What it's like to travel on a plane in the era of COVID-19
CALGARY -- The one small pleasure of flying during the ‘Time of COVID’ is immediately evident just after checking in.
Gone is the Bataan Death March that normally snakes around the dividers at security screening. One simply walks directly up to the bored Canadian Air Transport Security Authority screeners for inspection. Hand sanitizer was scanned with a machine, then approved to take onto the flight.
On my WestJet trip from Ottawa to Calgary via Toronto, there was only a handful of passengers, all masked, in the pre-boarding area. When the flight was called, they lumbered up to the gate and were subject to a new layer of questioning. A young woman with a clipboard ran through a list of questions: Any symptoms, any international travel, any provincial quarantines? No one I saw answered affirmatively and none was denied boarding.
At the door of the aircraft, a flight attendant handed out disinfectant wipes with a pair of tongs. The plane was so empty that the flight attendant had to ask me to move to the back of the plane to ensure proper weight distribution.
Arriving at Toronto Pearson International Airport’s Terminal Three, a different story: The gate area for the connecting flight to Calgary was crowded by those trying to hold distance while searching for a power supply for their phones. Once aboard the Boeing 737-600, it was soon apparent this would not be a near-empty flight.
While the middle seats were not sold, nearly every row of three-plus-three seating was occupied. My head was not far from the nose and mouth of the guy one row ahead. My seat was next to a window, with a stranger in the aisle seat. He soon moved to sit three abreast with people he knew.
By federal government order, all passengers wore masks and the flight attendants also had gloves. Ahead of me, a sea of heads poked up over the seat backs, many four in each row of six. Some were obviously couples; some strangers, who sat with a vacant seat between them.
On an aircraft with space for 134, the flight attendant said, there were 77 passengers aboard. Some of them appeared to be deadheading airline employees.
Once airborne, snacks of pretzels and a dry cookie were served with bottles of water -- challenging to consume while wearing a mask.
Queuing for the lavatories after take-off was observed with a fair distance between the passengers, but less successful were attempts to stay two metres apart in the awkward dance to open the doors and get out of the bathroom.
By the second hour of the flight, the elastic straps on my surgical mask were beginning to irritate the backs of my ears. I looped them around the earpieces of a pair of headphones for relief.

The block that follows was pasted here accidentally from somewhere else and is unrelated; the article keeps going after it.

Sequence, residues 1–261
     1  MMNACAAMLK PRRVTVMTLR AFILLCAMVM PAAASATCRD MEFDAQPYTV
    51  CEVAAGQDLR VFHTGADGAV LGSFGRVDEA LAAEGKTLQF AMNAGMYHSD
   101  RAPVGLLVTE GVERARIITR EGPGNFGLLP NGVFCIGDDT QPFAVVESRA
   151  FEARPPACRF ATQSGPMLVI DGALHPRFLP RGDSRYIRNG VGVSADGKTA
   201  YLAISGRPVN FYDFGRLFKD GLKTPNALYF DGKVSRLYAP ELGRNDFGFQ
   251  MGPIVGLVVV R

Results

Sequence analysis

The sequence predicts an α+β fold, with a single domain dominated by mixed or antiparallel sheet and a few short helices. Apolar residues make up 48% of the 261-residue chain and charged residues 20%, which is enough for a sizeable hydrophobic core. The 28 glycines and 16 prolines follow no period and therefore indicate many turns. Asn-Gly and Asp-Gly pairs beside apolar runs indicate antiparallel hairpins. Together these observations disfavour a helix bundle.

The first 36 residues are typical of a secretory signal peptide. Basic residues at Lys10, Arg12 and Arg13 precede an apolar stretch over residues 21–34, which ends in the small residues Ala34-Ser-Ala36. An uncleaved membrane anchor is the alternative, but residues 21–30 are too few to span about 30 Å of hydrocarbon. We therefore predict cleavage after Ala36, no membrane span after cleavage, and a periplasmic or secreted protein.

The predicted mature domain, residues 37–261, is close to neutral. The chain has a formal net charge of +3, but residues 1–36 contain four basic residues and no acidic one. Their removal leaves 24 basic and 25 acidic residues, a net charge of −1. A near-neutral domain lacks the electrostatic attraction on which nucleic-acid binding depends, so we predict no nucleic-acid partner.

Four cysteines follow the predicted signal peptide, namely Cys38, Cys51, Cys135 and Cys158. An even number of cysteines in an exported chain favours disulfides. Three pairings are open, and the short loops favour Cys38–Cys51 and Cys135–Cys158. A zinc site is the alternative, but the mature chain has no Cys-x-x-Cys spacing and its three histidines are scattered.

When we landed in Calgary and parked at the gate, the usual chaos to retrieve luggage ensued. Physical distancing was disregarded in the frenzy to yank carry-on down from the bins and establish position in the aisle for deplaning.
Later, when I asked about the number of passengers on the flight, WestJet referred me to its COVID-19 statement. It listed measures taken -- the masking, the sanitization of aircraft, the HEPA filters that clean the air.
“The effects of COVID-19 on the airline industry have been swift and devastating,” it read.
“Our commitment remains and is unwavering -- we will continue to hold safety as sacrosanct.”
The International Airline Transport Association maintains the chance of contracting the virus aboard an aircraft is small.
“IATA does not recommend restricting the use of the ‘middle seat’ to create social distancing while onboard,” the industry lobby group said.
“Evidence, although limited, suggests that, the risk of virus transmission on board aircraft is low even without special measures.”
Unfamiliar new measures were also in place at the major chain hotel I had booked in downtown Calgary. The front doors were all locked. Admission required a call to the front desk.
The clerk advised that there would be no maid service in the room and that all the “touch objects” -- coffee makers, glassware, ice buckets -- had been removed to curb transmission. In a hotel with 395 rooms, he told me, I was one of only three guests.
In the room, I washed my hands and the plastic key card.
Four days after the flight, I remain symptom free. But there’s still the return trip to come.